So Vile A Sin

"I don't know whether there's a place where we go when we die. I don't know if Roz believed there was one. But if... if there is a place like that, and it isn't a fair place... it damn well will be once she's done with it."

It's a return to the 30th century and the waning days of the Earth Empire with this book, a sequel of sorts to Original Sin (and half-a-dozen other NAs). One of the more infamous novels of the whole New Adventure series, So Vile A Sin has the distinction of being the only one that was significantly delayed by six months. This meant that the book's original big surprise ending - the death of Roz Forrester - wasn't exactly a big surprise by the time the book was finally released. But... did this impact my enjoyment of the book in any way?

Well... no, not really. The book begins with Roz's funeral and intersperses brief interludes set in this time period with long flashback sequences that tell the story detailing the death of the Empress, the turmoil as rival Houses fight it out to become the next Emperor, and the Doctor's manipulation of and by events, culminating in Roz "stepping into history". The book mainly takes place in the 30th century, a few years after the events of Original Sin. As in Original Sin, 30th century Earth is a rich, complex environment. The humans in it are still believably human - by which I mean that they are still flawed, imperfect, passionate beings rather than the perfect selfless future postulated by Star Trek and its ilk - but the culture, politics and technology of this future are well thought out. This isn't just the modern day with lasers instead of guns and spaceships instead of cars. The change of Roz's death from surprise ending to inescapable reality, if anything, actually helps this book. It moves at a fair pace, building to the inevitable and inescapable climax. The idea that the Doctor is capable of changing things on a vast political and historic scale but seemingly powerless to control things on a personal level is writ large through this book, and it's an interesting contrast; on the one hand he's a veritable force of nature shaping the fate of the known galaxy, on the other he's a lonely old man trying to do what he thinks is best but unable to control the outcome or prevent things running away from him.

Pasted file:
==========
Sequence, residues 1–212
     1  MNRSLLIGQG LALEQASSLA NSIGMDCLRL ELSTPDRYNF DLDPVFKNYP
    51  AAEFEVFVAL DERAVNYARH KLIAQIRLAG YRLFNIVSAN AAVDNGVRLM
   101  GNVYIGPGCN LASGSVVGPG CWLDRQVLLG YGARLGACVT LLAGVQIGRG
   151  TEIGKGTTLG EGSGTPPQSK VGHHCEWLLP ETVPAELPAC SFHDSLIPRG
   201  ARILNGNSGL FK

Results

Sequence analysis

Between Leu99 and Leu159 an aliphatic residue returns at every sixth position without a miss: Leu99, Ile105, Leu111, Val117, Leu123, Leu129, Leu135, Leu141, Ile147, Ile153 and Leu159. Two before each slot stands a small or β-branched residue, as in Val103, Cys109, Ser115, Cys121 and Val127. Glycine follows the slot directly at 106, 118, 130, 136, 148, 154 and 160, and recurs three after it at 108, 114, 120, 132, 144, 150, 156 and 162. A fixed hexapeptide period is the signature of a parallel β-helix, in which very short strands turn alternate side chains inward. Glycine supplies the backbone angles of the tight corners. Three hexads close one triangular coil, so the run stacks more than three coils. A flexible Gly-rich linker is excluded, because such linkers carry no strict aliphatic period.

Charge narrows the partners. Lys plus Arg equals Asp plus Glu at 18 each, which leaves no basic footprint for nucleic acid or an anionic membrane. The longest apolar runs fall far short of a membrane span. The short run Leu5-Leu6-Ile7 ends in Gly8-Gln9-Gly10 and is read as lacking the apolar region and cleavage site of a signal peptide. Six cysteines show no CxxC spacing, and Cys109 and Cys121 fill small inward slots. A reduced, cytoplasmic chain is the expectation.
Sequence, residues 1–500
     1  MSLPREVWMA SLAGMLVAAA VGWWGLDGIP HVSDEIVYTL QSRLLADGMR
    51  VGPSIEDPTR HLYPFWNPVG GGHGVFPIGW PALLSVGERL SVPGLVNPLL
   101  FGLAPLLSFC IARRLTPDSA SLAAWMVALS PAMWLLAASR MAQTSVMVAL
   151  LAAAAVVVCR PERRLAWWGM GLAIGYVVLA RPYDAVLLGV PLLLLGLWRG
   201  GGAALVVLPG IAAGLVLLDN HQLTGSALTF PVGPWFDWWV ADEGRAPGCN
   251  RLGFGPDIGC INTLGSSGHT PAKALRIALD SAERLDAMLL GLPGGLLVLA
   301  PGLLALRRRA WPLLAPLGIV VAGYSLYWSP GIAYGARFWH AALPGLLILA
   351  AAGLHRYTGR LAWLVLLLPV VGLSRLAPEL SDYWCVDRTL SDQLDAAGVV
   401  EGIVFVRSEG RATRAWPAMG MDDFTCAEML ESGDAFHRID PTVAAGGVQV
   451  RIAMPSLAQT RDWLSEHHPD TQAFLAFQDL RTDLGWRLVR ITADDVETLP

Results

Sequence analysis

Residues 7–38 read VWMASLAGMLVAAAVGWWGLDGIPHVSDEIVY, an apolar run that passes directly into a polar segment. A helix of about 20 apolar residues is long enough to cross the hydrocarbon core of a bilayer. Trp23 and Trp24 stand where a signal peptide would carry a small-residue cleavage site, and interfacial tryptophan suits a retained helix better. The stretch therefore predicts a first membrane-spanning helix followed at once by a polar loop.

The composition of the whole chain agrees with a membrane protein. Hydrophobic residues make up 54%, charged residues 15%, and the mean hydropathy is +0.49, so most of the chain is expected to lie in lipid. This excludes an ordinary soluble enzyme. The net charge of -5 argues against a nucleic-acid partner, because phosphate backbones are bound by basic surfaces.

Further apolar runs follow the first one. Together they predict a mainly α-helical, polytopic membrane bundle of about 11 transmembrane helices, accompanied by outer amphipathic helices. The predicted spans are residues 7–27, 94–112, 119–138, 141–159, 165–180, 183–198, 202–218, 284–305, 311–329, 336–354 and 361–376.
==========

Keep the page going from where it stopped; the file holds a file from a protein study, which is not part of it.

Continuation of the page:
The Doctor is written extremely well, but then neither Orman nor Aaronovitch seemingly know how to write badly for the 7th Doctor. This is a Doctor who has noticeably matured from the early NAs, a Doctor who feels the weight of responsibility to both history and his friends, who is trying to balance the needs of both. One nice touch in this book is the parallel versions of himself that the Doctor encounters - a 3rd Doctor who never regenerated, a 4th Doctor who stayed on Gallifrey as the President of the Time Lords, a 6th Doctor dressed in black who was badly affected by his encounter with Fenric, a 7th Doctor who doesn't always have a plan. Fortunately these alternates aren't gratuitous and never threaten to turn the story into a multi-Doctor knockabout. The Doctor's companions are also handled very well - Roz's world-weary cynicism combines well with her own sense of duty and loyalty, and Chris's almost child-like innocence never becomes and unbearable as it sounds. The supporting cast never become cipher-like and there's a plethora of nods to former Aaronovitch and Orman novels to please the long-term NA fan.

This is a great book. A rich background, a decent plot that wraps up many loose ends from preceding NAs, the death of a companion managed believably and compassionately, and a real "end of an era" feel... brilliant. It's not a great book to jump in with, but as the late NA it's hardly supposed to be... it's very much a novel that won't work for only casual fans. I just enjoy the complexity, the feeling that the events in this book are part of a larger universe and not simply stand-alone events that don't impact anything outside of this book, the Doctor's mature relationships with his companions, the way that you feel drawn in to the culture of the 30th century from the start. Like many of the NAs this book really does show up the new series novels for the weak, inconsequential TV tie-ins that they are, and there's a strong sense of reality and plausibility to the characters' actions and feelings in this book that even the new series hasn't really surpassed. I, for one, mourn the fact that the new series will deny us books that have the same breadth, scale, and sheer magnitude of ideas as this one for the foreseeable future.


Review by Valedictorian


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